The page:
Plus, there are some unmissable, nay quaint curios, such as the kitschy statue of Queen Victoria and her consort Albert in Anglo-Saxon dress and King George IV looking on as his unhappy wife Queen Caroline endures investigative proceedings in Westminster Hall. Also not to be missed is the downstairs section which covers 20th and 21st Century photography and video work, while on the top floor the Portrait restaurant offers truly panoramic views of Westminster.
The Royal Academy of Arts
Founded way back in 1768 (officially) by King George III, the Royal Academy is located in the gloriously grand Renaissance-style environs of Burlington House, itself actually off Piccadilly – undoubtedly then making this one of the very best Piccadilly attractions. It isn’t just a gallery of fantastic art, though; it’s in fact a self-governing, self-supporting society of artists and architects (in centuries past its pupils included true greats; that is, the likes of Constable, Turner and Millais). But nowadays, perhaps rightly, it’s most famous and celebrated for hosting its annual Summer Exhibition of contemporary British artists’ work – anyone (and that means anyone) can submit their work for inclusion in the collection, thus thousands see their efforts framed for a few months. Ticketed seasonal exhibitions are also held at the venue.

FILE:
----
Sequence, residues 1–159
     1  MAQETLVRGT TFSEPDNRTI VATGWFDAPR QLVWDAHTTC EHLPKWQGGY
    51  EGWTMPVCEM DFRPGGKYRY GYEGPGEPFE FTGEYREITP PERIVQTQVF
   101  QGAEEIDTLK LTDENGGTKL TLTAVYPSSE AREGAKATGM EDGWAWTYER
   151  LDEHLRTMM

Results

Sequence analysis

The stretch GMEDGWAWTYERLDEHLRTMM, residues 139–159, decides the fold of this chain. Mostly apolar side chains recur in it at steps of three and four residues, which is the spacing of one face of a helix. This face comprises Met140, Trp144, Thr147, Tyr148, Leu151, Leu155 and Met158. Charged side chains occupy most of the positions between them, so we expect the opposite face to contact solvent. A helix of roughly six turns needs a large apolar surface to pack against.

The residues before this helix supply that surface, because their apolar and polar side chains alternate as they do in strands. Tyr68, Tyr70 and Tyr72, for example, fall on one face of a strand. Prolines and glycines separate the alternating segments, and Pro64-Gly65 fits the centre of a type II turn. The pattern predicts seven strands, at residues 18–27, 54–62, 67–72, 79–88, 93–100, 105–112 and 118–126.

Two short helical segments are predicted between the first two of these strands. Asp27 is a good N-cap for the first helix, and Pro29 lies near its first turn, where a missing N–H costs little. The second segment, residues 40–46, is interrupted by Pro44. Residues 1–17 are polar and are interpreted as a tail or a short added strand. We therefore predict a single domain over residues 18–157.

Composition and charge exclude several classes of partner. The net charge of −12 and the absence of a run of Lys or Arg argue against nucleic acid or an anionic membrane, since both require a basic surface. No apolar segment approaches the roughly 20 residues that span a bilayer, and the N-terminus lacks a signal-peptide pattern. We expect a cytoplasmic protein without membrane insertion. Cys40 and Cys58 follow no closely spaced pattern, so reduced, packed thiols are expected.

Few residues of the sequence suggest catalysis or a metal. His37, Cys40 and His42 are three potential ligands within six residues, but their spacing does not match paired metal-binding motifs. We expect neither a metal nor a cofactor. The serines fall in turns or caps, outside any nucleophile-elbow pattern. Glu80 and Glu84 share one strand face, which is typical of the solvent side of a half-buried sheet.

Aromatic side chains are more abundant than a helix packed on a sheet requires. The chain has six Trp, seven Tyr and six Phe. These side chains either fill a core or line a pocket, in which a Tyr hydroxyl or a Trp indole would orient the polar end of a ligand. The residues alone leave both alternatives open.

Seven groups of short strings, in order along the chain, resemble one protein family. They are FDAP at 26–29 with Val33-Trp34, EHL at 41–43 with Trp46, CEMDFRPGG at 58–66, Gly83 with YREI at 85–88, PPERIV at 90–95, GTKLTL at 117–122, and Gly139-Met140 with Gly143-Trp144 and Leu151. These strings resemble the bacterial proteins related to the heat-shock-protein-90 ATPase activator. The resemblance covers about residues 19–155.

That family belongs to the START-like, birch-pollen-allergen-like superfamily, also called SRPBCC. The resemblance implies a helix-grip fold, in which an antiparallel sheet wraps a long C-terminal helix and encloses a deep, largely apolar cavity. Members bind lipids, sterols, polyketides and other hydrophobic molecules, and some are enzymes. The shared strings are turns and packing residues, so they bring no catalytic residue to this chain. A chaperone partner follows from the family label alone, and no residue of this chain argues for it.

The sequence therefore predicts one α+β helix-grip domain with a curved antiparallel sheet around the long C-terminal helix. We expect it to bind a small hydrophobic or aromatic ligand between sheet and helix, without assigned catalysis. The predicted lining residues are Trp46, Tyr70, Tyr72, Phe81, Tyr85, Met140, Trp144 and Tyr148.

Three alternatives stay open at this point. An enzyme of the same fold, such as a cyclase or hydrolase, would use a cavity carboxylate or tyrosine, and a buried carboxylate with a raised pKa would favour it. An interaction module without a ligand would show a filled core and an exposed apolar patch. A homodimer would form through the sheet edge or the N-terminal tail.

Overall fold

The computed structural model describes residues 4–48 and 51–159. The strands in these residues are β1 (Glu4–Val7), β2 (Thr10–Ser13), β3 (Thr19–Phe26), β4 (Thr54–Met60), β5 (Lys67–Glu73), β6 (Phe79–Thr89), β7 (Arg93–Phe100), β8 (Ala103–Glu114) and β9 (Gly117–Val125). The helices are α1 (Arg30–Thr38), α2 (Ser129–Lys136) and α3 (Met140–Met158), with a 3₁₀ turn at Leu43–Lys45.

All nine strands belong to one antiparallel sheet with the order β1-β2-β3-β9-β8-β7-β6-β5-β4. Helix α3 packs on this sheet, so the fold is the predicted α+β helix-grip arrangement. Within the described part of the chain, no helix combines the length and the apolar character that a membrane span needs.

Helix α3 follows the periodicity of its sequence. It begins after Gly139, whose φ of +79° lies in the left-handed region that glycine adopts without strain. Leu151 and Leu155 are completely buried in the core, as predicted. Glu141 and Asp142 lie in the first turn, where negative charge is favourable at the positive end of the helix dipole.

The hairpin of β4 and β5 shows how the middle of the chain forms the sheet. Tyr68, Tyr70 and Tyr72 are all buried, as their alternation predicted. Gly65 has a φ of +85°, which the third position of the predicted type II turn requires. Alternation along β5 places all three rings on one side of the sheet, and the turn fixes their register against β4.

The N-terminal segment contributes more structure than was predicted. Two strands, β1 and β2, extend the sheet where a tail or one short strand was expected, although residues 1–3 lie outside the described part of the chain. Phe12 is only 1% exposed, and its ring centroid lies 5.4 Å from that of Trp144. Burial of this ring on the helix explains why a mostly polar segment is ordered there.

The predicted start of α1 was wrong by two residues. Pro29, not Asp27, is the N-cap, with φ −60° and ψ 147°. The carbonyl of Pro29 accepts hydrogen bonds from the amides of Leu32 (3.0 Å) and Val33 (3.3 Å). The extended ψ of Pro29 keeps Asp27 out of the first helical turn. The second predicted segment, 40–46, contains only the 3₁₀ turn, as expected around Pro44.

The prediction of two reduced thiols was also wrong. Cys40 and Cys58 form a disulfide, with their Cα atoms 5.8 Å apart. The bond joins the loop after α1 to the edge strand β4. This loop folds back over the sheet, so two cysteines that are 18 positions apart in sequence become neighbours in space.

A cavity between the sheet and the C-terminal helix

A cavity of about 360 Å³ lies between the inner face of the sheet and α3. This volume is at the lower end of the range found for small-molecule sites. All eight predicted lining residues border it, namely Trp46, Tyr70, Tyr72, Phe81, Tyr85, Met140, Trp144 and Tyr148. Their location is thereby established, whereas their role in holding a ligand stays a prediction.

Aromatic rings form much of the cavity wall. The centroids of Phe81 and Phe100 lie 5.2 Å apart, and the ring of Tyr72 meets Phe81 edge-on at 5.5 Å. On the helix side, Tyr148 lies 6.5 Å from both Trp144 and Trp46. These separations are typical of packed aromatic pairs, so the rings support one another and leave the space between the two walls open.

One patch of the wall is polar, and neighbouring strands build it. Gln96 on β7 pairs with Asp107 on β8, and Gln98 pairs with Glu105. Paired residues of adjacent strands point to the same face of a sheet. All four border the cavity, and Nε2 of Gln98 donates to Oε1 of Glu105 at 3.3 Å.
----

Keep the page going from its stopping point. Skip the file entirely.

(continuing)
(20 Sherwood Street W1F 7ED)